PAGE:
An Oklahoma jail where a hostage standoff on Saturday left an inmate dead and a guard injured was found last month “not to be in substantial compliance” with state health standards after investigators documented overcrowded living quarters, staff shortages, leaky roofs and moldy showers.
An inspection by the Oklahoma State Department of Health in February found that showers at the jail, the Oklahoma County Detention Center, were covered in “black residue which appeared to be mold and mildew.” Some showers were clogged and had standing water, which had “a strong and pungent odor,” the report found, and the “hot water” in one shower measured 56 degrees.
Inmates told investigators that the facilities “had been in this condition for several months.” They also said it was “not unusual” to have access to a shower only once every eight days.
Air vents at the jail, which is in Oklahoma City, also had “a buildup of lint and black residue.” Living quarters were dirty and overcrowded, with three inmates living in a space that could safely hold one, the report said, and a leaky roof often led to “several inches of water” filling the floors of the laundry, kitchen and basement areas.
The hostage standoff on Saturday occurred just after 4 p.m. local time, as medication was being given to inmates. An officer was overpowered and taken hostage by at least one inmate, said Greg Williams, the detention center’s administrator, speaking at a news conference on Saturday night.
The inmate then took the officer’s radio and keys and freed other inmates from their cells, Mr. Williams said. No other staff member was injured, and Mr. Williams said he was unsure how many inmates had been released from their cells or had been involved in the standoff. Sheriff Tommie Johnson III said that the authorities had tried to de-escalate the situation but that the inmate had held an unspecified object to the officer’s neck, prompting Oklahoma City police officers to fatally shoot the inmate.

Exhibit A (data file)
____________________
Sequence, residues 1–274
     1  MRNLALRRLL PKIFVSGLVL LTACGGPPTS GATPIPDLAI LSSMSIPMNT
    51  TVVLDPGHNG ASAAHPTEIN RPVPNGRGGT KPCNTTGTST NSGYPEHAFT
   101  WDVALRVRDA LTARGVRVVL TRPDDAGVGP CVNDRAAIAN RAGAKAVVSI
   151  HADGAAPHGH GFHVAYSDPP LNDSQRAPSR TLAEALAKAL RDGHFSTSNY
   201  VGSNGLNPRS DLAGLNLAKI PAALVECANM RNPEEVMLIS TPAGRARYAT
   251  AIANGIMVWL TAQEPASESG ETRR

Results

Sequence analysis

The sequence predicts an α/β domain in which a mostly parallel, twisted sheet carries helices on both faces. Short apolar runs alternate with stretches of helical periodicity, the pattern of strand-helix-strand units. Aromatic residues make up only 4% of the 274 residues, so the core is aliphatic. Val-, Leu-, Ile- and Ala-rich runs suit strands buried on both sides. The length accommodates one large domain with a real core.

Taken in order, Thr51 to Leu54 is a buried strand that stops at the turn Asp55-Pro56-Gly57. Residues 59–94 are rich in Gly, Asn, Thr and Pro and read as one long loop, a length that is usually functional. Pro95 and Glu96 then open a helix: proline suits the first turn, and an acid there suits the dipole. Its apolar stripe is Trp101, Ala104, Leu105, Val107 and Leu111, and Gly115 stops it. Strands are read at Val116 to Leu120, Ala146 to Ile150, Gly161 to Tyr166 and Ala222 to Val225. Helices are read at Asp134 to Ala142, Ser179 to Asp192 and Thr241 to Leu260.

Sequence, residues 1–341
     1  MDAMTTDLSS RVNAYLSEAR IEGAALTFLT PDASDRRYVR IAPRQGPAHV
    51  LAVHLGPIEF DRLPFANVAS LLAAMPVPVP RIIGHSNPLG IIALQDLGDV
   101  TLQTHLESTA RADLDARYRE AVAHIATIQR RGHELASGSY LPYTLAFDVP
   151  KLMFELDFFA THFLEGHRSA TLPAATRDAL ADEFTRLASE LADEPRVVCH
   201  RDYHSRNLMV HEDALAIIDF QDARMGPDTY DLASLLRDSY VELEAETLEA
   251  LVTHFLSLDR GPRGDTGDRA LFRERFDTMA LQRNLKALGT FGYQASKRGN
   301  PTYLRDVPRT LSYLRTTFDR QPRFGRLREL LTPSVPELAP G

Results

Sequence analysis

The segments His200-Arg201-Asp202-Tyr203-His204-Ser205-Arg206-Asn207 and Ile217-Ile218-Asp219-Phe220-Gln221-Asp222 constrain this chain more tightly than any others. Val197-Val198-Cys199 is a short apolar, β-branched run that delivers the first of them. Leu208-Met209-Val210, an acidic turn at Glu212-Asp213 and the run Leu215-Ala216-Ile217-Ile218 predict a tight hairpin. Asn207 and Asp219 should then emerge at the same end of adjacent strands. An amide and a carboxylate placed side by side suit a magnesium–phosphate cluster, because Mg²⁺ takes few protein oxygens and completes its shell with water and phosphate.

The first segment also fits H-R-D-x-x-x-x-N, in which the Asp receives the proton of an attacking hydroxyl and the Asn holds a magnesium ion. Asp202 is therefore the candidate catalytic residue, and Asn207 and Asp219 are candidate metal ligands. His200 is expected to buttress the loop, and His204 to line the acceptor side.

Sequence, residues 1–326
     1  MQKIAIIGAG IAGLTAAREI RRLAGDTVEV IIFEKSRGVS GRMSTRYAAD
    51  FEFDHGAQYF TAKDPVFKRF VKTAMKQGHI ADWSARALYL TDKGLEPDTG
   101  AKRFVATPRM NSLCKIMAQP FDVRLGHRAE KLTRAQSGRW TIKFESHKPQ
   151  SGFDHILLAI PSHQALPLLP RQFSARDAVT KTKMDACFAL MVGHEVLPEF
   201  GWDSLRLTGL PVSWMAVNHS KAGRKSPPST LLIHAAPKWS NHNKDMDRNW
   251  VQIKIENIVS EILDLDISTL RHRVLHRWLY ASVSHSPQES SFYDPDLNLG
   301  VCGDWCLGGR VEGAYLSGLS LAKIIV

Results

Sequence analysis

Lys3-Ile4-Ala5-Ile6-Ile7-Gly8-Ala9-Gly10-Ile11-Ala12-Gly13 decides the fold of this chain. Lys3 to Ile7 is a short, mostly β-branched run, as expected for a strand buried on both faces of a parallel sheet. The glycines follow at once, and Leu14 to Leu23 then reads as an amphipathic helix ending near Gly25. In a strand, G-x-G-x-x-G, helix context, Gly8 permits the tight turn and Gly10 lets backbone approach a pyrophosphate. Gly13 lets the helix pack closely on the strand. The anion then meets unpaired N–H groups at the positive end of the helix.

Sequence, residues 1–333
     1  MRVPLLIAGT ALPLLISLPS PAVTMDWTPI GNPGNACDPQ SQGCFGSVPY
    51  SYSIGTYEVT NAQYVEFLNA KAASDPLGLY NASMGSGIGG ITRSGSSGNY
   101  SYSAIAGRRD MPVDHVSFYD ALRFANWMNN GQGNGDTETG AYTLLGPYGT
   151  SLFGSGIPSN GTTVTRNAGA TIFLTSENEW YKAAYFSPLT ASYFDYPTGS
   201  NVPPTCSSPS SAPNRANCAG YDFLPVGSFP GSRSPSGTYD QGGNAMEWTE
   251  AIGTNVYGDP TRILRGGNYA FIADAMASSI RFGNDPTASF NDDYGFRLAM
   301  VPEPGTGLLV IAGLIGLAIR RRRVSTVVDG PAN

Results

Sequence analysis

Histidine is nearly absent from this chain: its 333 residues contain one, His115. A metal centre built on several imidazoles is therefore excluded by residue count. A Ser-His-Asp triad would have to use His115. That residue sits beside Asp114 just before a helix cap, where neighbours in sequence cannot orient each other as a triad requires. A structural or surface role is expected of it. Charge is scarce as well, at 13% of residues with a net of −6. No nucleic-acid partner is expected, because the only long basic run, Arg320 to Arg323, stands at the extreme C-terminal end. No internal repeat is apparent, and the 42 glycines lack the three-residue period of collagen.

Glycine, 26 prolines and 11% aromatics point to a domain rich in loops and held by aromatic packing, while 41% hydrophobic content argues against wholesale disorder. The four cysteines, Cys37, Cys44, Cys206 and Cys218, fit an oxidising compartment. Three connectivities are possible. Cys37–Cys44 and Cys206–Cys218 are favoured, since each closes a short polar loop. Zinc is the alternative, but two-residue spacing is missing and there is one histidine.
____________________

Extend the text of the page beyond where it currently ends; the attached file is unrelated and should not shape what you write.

The inmate who was killed, Curtis Williams, 34, was being held on rape charges.
At a news conference on Wednesday, Greg Williams, the jail administrator, said that he had told Curtis Williams’s family that “we regretted how that ended.”
He said that the struggles at the detention center were largely because of “insufficient staffing and infrastructure” and that episodes like the fatal hostage standoff “certainly make recruitment more difficult, as one might imagine.”
The report by the Oklahoma State Department of Health found “a lapse of inmate supervision.” Inmates “seldom see staff presence in the units, and when they do it is brief,” the report said.
A person recording inside the center during the standoff could be heard complaining about its conditions. “The water don’t work,” the unidentified person said. “The toilet’s backed up. This is what we’re dealing with.”
Tricia Everest, chair of the Oklahoma County Criminal Justice Authority, which oversees the jail, said at the news conference on Wednesday that officials would work to “change the culture and really work at increasing staffing.”
The quality of life for inmates, she said, was “paramount.”
Citing a review of records, the report found that in January, the jail had failed to notify the state health department of 40 “serious injuries of inmates requiring transfer to an outside medical facility.”
Inmates also complained of bedbugs, and said that their bedding was exchanged every six to seven weeks — less frequently than the required weekly changes. Food was often cold, served late or missing as a result of staffing shortages, the report said.
Another example of substandard conditions in the report was an inmate who had been handcuffed to a bar in a hallway for hours waiting to be taken back to his living quarters after receiving medical attention. Calls from inmates for assistance went unanswered, and the report cited multiple instances of inmates who had not received medications they had been prescribed.
Barry Edwards, the detention program manager for the state health department, wrote in a letter on March 8 to Mr. Williams, the jail administrator, that “if the deficiencies listed in the report” were not corrected within 60 days of receipt, the health commissioner would file a complaint with the attorney general or the district attorney.
A 2008 report by the U.S. Department of Justice found there were issues with overcrowding, staffing and inmate supervision at the jail. Inspectors also found there were 2,400 inmates in the jail at the time of their visit, although the center was intended to hold half that number.
Christina Morales contributed reporting.